Weird memory behavior of ElasticSearch inside LXC container

Hello everyone,

This WE, I played with LXC/LXD containers and ElasticSearch inside my homelab for sake of learning.

So I use as usual Fedora as “OS” for the container, I use limits for memory (6GB) and CPU (4vCPU) and I setup a single node of Elasticsearch, but once I want to start the service, it fails miserably. I looked to find some clue on why it failed and I found the process seems to be OOM-killed, it looks like the JVM memory heap allocation was completely borked. I checked the process closely and it allocate “shit-load” of memory. I guess it tried to size the heap according to my host memory (64GB of RAM).

I didn’t understand, so I tried a virtual machine with the same hardware limits and it works perfectly fine, the JVM has well adjusted its heap, so WTF…

I continue to search in order to find an explaination but no luck until I change a setting, the famous security.nesting that I use because of the recent changes in systemd concerning sandboxing settings applied to systemd-networkd unit (and others too I guess). Once I changed this setting to false and reboot my container, the Elasticseach process start without any problems, the heap allocation looks fine :upside_down_face:

I checked the /proc/meminfo file to check LXCFS “virtualization” of memory values and it looks fine, the limits were correct.

Is it something intended to have process which can “override” their view of /proc when using security.nesting ? I found issues on Github about this kind of behavior with Docker with this setting applied, but why when this parameter is not set, the application seems to behave correctly ? I could read that JVM use the meminfo file, so it is very confusing

Any ideas ?


It’s possible that the JVM is directly looking at /sys for the memory amount instead of parsing the cgroup or meminfo amount.

When that happens you often can directly pass additional arguments to the JVM through a /etc/default/XYZ type file which then lets you restrict it to a value suitable for the container.

It’s always a bit annoying when you find software that does that because it feels like they’re jumping through a large number of hoops to end up with a value which is completely pointless as soon as any kind of restriction is applied on the process (whether it’s because it’s a container or because it’s running with a memory limit through systemd).

That make sense indeed. Forcing JVM memory is an official recommendation for running ES in containers, it’s fine for me. But the behavior change when enabling nesting mode bother me. I’m curious on how things works that’s why I dig the question :grinning_face_with_smiling_eyes:

Shouldn’t it only apply a less strict AppArmor policy to allow some apps like LXD or Docker to run by allowing them to do some specific mounts ?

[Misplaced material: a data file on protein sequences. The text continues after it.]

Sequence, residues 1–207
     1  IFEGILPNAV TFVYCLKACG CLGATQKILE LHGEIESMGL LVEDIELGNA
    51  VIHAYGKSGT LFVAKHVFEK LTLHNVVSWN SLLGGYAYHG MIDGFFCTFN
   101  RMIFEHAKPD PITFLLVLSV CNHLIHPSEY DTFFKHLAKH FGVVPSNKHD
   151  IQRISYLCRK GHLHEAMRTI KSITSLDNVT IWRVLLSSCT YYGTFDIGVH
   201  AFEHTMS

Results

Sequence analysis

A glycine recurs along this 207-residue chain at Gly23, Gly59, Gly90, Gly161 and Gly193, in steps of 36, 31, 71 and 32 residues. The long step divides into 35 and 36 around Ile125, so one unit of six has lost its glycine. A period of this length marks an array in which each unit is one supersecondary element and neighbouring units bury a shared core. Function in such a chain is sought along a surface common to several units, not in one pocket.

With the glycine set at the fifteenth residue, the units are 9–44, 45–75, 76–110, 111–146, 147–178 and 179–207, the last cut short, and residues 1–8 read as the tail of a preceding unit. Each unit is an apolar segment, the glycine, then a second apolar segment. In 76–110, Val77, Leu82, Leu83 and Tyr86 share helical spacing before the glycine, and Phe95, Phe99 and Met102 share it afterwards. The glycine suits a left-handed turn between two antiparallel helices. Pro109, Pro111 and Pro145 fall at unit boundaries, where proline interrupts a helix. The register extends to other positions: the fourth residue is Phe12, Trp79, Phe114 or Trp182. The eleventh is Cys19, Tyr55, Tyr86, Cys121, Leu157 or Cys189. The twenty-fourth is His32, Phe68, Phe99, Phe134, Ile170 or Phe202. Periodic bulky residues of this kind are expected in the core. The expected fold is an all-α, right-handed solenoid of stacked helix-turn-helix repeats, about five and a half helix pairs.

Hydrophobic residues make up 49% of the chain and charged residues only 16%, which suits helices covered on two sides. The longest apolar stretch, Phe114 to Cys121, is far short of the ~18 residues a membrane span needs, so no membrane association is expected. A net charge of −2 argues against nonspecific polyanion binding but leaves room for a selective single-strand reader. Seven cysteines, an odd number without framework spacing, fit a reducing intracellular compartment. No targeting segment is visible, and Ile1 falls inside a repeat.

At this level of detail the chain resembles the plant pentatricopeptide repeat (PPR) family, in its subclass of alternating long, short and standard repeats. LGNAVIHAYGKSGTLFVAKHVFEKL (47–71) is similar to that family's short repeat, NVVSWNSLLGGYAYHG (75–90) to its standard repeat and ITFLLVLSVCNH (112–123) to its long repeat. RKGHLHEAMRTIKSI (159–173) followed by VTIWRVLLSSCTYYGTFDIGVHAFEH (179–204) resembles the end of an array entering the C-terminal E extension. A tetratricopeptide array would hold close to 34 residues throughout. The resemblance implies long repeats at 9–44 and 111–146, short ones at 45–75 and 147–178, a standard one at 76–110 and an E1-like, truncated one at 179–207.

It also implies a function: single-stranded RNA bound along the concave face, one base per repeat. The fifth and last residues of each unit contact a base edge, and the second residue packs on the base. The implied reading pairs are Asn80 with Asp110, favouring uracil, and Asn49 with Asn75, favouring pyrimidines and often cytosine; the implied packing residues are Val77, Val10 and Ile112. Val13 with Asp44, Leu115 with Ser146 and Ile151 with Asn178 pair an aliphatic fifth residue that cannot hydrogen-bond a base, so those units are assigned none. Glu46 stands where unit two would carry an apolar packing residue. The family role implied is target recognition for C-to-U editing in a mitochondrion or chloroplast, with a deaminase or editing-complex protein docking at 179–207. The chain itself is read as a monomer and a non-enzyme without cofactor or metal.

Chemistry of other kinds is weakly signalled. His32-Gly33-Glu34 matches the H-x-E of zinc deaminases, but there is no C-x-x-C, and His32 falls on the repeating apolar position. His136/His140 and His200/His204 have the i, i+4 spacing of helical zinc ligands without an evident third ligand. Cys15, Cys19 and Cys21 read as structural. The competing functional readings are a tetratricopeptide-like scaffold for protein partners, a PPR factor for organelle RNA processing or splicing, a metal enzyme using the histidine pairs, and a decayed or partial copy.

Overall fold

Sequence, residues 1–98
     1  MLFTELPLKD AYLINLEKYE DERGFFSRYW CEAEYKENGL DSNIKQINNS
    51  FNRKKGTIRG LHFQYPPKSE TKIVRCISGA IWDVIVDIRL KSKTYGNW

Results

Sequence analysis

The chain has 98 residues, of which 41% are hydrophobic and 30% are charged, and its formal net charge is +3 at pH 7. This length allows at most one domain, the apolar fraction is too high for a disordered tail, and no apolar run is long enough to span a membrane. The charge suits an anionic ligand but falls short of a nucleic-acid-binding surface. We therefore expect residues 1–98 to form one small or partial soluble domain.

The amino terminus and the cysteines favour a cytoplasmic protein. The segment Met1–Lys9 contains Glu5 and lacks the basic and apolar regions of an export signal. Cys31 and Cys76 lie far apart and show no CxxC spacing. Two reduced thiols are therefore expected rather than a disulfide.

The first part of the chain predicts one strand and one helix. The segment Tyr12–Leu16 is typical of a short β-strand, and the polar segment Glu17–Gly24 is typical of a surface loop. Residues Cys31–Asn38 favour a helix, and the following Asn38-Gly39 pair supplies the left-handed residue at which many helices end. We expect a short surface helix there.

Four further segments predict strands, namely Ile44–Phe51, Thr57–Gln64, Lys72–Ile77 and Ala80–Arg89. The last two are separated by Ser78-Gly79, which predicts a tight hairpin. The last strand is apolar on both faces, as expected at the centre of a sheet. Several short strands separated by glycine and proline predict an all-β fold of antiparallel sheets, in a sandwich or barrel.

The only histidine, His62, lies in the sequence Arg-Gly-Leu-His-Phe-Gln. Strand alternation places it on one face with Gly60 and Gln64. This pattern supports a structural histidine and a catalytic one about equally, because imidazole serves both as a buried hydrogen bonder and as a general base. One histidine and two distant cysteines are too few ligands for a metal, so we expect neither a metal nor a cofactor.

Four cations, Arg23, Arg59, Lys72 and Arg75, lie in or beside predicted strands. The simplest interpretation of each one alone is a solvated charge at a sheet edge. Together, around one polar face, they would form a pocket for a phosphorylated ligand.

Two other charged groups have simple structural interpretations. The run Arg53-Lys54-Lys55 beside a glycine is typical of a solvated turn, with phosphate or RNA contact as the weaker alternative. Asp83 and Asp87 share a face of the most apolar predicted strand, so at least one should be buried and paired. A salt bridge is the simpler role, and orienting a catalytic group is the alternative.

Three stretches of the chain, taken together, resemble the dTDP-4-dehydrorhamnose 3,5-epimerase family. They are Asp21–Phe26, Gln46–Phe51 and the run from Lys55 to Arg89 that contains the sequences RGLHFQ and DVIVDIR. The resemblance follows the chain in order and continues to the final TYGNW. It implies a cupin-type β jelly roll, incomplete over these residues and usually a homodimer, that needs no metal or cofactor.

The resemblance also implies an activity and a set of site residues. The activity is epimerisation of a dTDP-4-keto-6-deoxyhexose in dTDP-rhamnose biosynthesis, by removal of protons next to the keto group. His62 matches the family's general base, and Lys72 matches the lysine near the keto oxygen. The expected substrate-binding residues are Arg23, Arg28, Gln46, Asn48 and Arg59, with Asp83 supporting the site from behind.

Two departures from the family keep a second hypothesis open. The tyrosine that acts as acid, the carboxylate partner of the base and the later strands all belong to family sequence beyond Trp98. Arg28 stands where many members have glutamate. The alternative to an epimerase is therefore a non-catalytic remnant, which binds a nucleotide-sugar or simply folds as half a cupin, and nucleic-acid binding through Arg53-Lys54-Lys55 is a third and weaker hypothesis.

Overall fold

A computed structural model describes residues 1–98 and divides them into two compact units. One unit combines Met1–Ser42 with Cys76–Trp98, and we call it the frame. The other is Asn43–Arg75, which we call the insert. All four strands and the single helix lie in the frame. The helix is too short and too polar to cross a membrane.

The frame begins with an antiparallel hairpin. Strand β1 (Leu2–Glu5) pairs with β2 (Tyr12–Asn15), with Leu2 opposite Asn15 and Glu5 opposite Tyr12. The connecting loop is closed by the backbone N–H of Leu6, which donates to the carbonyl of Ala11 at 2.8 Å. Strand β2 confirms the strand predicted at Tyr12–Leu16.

In LXC man pages, it says this about nesting mode :

If set this to 1, causes the following changes. When generated apparmor profiles are used, they will contain the necessary changes to allow creating a nested container. In addition to the usual mount points, /dev/.lxc/proc and /dev/.lxc/sys will contain procfs and sysfs mount points without the lxcfs overlays, which, if generated apparmor profiles are being used, will not be read/writable directly.

This means that once this mode is enabled, the LXCFS limits overlays in the procfs and sysfs of the container are not applied right ? This confuse me again, because I see my limitations if I look for them through meminfo or cpuinfo (if I correctly understand the role of LXCFS to override these files once limits are applied). Is there something else to know about this ?

To summarize my “”“issue”"" (not a real one, pure curiosity) :

  • security.nesting to true : JVM “see” through some Linux dark magic all the host memory, therefore automatic sizing of the heap is wrong.
  • security.nesting to false : JVM correctly “see” the container limits and his heap is correctly sized.

So if I’m not crazy, something in procfs and/or sysfs is changed :sweat_smile: I tried to look through them but didn’t find an answer for now.


security.nesting=true will do two main things:

  • Mount a hidden copy of /sys and /proc under /dev/.lxc (avoids overmounting checks in the kernel)
  • Relax apparmor rules

The combination of those two means that it’s now possible for something to mount a new copy of /proc and /sys which do not have lxcfs applied. I don’t know if ES does it directly or if systemd is used for that or something, but it could explain the difference.

Thanks for your answer :wink:

So, I will check on the JVM side of things to find informations about his relation with these pseudo-filesystems, I will try to find some useful informations and report here.

I really find this topic interesting to learn how everything works behind the hood as being a junior Linux system engineer in everyday life :slightly_smiling_face:

My problem is no more, since last week, the nesting option is not required anymore to run systemd-networkd without problems in official images. So I can run my ES cluster(s) in regular container without “weird” behaviours :wink:

However, I continued to search informations about JVM relation with proc and sys but no luck.

Ah, good to hear that all our systemd trickery is paying off :wink: